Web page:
The family will be doing quite a bit of walking on this trip, so it shouldn’t come as a surprise that kids might tire easily. But chocolate wafers helped make the situation easier for us!
3. Bring baby carriers instead of strollers
The cobbled streets of Gubei Watertown make it a bit challenging to push strollers through, although I saw quite a few families do it.
4. Bring swimsuits
We were surprised to discover that we had discounted coupons to the local hot springs. But because we didn’t bring swimsuits, we didn’t even get an opportunity to try. Not only that, during our trip it had rained a bit. Had it rained througout the trip, we would have had to stay at the hotel the whole time and not have been able to take advantage of the pool our hotel had. Though you don’t have to use it, it would be a handy back-up just in case.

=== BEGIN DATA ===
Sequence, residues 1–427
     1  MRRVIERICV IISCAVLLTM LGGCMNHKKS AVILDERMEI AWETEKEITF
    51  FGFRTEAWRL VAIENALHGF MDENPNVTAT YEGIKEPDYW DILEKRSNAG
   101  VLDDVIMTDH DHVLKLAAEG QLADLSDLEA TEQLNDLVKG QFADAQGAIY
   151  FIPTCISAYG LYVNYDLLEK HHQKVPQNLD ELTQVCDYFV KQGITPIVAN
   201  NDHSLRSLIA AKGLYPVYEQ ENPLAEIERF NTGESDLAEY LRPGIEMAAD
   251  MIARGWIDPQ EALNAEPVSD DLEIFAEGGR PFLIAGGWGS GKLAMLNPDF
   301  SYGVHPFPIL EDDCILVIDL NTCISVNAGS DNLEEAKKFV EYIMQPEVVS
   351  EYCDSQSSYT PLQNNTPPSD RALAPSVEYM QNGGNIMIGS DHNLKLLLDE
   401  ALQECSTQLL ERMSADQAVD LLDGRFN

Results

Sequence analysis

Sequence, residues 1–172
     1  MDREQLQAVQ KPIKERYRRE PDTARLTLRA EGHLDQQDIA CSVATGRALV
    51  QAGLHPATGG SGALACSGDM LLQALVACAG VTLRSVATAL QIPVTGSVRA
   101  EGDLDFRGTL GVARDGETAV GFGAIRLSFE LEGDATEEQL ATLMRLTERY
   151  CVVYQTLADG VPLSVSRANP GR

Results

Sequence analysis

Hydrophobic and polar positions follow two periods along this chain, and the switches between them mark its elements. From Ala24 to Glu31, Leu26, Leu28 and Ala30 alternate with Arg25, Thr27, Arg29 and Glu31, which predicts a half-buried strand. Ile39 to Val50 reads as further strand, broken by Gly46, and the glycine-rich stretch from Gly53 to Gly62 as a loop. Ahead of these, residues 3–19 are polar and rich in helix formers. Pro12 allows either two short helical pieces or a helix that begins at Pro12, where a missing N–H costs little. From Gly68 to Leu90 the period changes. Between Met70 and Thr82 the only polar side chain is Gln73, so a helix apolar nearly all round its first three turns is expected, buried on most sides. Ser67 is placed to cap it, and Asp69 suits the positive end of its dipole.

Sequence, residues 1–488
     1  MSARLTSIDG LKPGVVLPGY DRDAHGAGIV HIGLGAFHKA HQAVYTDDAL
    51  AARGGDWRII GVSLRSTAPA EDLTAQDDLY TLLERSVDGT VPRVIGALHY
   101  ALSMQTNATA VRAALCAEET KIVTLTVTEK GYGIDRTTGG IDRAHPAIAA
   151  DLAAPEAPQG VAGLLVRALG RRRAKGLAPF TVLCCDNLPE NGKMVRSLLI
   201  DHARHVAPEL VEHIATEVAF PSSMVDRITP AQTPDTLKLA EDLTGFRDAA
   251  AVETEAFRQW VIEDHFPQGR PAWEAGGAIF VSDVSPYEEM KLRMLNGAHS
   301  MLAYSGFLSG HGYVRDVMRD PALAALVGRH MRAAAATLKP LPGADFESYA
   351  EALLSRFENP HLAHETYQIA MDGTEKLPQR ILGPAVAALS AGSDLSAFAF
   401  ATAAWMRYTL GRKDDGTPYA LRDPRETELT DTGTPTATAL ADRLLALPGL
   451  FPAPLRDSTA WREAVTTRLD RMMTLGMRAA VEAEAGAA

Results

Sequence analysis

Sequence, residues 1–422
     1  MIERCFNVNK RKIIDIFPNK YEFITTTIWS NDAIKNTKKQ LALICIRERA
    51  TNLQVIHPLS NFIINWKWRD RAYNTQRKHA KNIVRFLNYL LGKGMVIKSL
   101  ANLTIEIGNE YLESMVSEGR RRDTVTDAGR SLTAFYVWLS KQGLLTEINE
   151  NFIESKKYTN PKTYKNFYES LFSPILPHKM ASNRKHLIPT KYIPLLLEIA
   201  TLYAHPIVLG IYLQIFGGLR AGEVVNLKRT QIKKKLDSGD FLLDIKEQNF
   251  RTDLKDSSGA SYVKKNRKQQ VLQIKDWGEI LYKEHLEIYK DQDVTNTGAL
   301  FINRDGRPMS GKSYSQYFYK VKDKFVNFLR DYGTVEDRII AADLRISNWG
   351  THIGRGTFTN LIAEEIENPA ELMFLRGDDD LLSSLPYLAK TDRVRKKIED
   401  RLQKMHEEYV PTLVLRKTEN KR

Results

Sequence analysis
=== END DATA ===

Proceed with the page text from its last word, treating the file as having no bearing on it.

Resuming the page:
📬北京市密云区古北口镇司马台村古北水镇（司马台长城）国际旅游度假区 (About 2 hours from Beijing)
► Wtown Main Website
Getting there directly by bus from Dongzhimen stop to Gubei Watertown according to their website:
Tickets are RMB48/person/way.
Ticket sales start 30 minutes before departure.
From Dongzhimenwai (东直门外) to Gubei Watertown:
Mondays thru Fridays: 8:00、9:00、12:00、15:30
Weekends and Holidays: 8:00、9:00、11:00、12:00、14:00、15:30。
From Gubei Watertown to Dongzhimen times：
Mondays thru Fridays: 11:00、12:00、16:00、21:00，
Weekends and holidays: 11:00、13:00、15:00、17:00、19:00、21:00。
For more information, please visit their official website.
To see Instagrammed photos of Gubei Watertown, click here.
Photo: Gubei Watertown